November 21, 2022

Photo Essay: A Rare Opportunity to Visit the Closed Pigeon Point Lighthouse, Upon Its 150th Birthday

Earlier this month, Pescadero, California was the site of a sesquicentennial celebration for Pigeon Point Lighthouse—built in 1871 (one of eight built that year that are still standing) but first lit at sunset on November 15, 1872. 

Pigeon Point gets its name from the wreck of a commercial clipper ship called the Carrier Pigeon, which got lost in the fog on its maiden voyage from Boston to San Francisco in 1853—surviving the passage around Cape Horn, an area notorious for its shipwrecks. 

Initially known as "Carrier Pigeon Point," the nickname for the area got shortened over time to just "Pigeon Point"—and its prime visibility combined with the treacherous waters below made it a great place for a 115-foot-tall lighthouse tower to help guide mariners. Along with the Point Arena Lighthouse in Mendocino County, it's tied as the tallest lighthouse on the West Coast. 

Originally built out of 500,000 locally-made bricks and double-walled to protect the interior from the elements, Pigeon Point Lighthouse has been designated a California Historic Civil Engineering Landmark, California State Historic Landmark, and a federal landmark listed on the National Register of Historic Places. 

However, the interior hasn't been open to the public since its stability was compromised when 300-pound chunks of its metal bracing (a.k.a. the iron belt course) fell off in 2001. That was because of because of rust and corrosion in the cast iron and masonry—and not because of damage from the two fires and two earthquakes (1906 and 1989) it survived. 

The copper roof needs repairing, too—and, in anticipation of a major upcoming renovation to help the lighthouse regain and retain its original beauty and character, the Fresnel lens has been temporarily relocated from the lantern room to the Fog Signal Building next door. 

Fortunately, we got the rare chance to enter Pigeon Point Lighthouse as part of Doors Open California, accompanied by California State Parks docents and volunteers...

...who took us up to the service room...

...where the lighthouse keepers worked during the day to maintain accounts (they had to be able to read and write), swept the floor, polished the brass, and kept a fresh coat of paint inside and out.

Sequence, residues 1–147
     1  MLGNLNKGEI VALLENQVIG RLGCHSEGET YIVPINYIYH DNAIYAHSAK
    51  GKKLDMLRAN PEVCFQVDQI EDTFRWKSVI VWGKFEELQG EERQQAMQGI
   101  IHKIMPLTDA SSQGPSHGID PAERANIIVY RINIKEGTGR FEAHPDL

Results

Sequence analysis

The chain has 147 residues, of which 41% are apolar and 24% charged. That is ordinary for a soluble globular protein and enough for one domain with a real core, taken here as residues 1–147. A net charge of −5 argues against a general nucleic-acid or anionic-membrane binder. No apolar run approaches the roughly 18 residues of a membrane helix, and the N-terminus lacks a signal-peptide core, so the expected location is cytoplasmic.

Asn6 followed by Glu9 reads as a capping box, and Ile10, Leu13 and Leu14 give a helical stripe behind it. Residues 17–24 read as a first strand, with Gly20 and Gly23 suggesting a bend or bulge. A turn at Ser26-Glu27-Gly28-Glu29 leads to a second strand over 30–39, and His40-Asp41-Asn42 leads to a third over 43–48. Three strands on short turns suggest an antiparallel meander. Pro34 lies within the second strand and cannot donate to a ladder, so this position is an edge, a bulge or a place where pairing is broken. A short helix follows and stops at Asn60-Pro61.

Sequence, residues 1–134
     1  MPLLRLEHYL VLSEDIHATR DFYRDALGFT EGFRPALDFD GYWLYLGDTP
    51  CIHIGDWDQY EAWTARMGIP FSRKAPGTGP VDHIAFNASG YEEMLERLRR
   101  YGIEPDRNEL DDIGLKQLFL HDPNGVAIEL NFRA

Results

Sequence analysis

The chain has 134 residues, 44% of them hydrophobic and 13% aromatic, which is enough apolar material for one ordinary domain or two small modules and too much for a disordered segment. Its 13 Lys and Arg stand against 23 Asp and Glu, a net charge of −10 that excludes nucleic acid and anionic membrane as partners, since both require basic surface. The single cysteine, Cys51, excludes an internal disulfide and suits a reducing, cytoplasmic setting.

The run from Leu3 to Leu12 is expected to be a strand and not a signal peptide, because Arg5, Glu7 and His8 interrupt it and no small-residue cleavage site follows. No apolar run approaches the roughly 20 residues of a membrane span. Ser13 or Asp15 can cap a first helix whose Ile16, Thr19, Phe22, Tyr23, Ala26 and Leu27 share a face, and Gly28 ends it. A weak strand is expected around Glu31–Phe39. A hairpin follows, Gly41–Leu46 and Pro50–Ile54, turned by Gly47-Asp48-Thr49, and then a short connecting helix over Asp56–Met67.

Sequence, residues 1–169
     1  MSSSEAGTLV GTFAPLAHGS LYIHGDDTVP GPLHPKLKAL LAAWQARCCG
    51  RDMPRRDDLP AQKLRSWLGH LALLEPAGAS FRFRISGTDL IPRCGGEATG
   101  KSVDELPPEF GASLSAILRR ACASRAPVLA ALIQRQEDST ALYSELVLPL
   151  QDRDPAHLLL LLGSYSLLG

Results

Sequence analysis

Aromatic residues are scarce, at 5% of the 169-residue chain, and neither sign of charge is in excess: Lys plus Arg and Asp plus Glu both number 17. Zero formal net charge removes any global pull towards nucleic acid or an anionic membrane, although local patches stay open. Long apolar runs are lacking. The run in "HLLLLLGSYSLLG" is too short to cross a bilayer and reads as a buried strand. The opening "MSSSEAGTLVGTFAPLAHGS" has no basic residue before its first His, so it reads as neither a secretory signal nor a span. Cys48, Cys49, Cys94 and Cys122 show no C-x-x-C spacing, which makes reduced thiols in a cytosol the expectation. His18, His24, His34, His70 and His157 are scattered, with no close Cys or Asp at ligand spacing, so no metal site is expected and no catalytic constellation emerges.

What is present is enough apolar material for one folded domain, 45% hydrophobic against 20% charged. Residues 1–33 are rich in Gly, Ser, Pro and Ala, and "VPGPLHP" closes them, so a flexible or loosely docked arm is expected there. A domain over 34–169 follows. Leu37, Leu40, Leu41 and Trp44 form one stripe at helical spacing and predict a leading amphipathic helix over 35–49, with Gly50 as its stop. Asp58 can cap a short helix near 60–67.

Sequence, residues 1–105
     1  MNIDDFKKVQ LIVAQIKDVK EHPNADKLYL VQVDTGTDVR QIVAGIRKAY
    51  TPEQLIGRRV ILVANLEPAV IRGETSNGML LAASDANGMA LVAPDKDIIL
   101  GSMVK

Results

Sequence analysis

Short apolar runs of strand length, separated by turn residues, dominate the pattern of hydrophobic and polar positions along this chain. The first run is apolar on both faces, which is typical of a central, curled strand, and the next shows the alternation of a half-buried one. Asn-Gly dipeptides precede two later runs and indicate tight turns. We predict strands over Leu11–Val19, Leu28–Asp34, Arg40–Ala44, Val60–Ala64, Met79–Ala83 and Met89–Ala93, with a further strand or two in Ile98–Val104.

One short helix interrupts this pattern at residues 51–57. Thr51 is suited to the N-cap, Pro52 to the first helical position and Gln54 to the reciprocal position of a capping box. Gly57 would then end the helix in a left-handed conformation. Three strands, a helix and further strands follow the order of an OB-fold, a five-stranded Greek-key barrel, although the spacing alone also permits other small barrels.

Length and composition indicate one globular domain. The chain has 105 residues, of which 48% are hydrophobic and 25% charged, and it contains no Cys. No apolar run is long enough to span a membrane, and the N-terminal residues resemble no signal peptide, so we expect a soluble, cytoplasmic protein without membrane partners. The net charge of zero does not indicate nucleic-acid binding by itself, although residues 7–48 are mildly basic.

They also served as onsite security for the lighthouse. Past keepers were strong-armed by rumrunners at gunpoint and even saved seamen from a wrecked fishing vessel. 

Although we weren't allowed to ascend as high as the upper tower or the lantern room, we got to look up into the lower tower. 

The story goes that the builders couldn't figure out how to assemble the 136 iron steps at first—until they contacted where they'd been forged in San Francisco and found out that they were all numbered to demonstrate how they fit together. 

Although the light itself is now automated, Pigeon Point Lighthouse once needed three to four keepers (a head keeper and his assistants)—who, at night, initially hand-wound the clockwork mechanism of the lens (which slowly rotates it so mariners see a white flash every 10 seconds). The lens used to sit on "chariot wheels" and rotate by a mechanism similar to a grandfather clock. Time was "kept" with the help of an 80-pound weight, suspended by a cable, which descended 25 feet in four hours and had to be cranked up again. 

Those who kept the flame alight on the wick lamps of the lantern—using lard oil from 1872 to the 1880s and kerosene from the 1880s to the 1920s—were known as "wickies." 
Aside from the special weekend that we visited, the grounds are always open to the public—as is the Fog Signal Building (not the original, but a replacement circa 1899), where the relocated lens is now housed.

The 10-foot-tall, 2,000-pound First-Order Fresnel lens is comprised of 1,008 delicate glass elements—24 bullseye lenses and 984 prisms—which cast 24 beams of light that could be seen as far as 24 miles offshore. 
It had to be carried down piece by piece from the top of the lighthouse tower when they relocated it.

It was electrified in the 1920s. Starting in the 1970s, it was automated with an exterior beacon. Today, mariners are guided by an 80-watt LED beacon, which is visible for up to 14 miles.

It's worth a trip to the back of the Fog Signal Building to take a gander at the now-silent fog horn trumpets—two diaphone horns used from 1935 to the 1960s. They reportedly sounded like "Bee-Ohh" and could be heard as far as 5 miles offshore. The first fog signal, from 1871 to 1911, had been a whistle that sounded like "A cow in distress," powered by steam pressure created from burning wood. From 1911 to 1935, it had been an air siren—compressed air amplified by a horn, powered by a gas engine. In the 1960s, the twin trumpets were replaced by a single-note diaphragm horn, used until 1976.
From back there, you can peer out over the 50-foot rocky bluff covered in flowering ice plant and see the treacherous waters still used by a local crab-fishing fleet and personal fishing boats. 

Northern elephant seals poke their noses out from between submerged rocks, swirling currents, back eddies, and a thick haze. When we complained a little that it was raining, the park staff told us, "It's always kind of like this at some point during the day."

California State Parks officially acquired the property from the Coast Guard in 2005 and operates it as a park, but there's another way the public can enjoy the property: by staying in the bungalows that were built later on and are now used as part of a hostel operation.

Watch the guided video tour and click through the 3D tour in the embedded player above.

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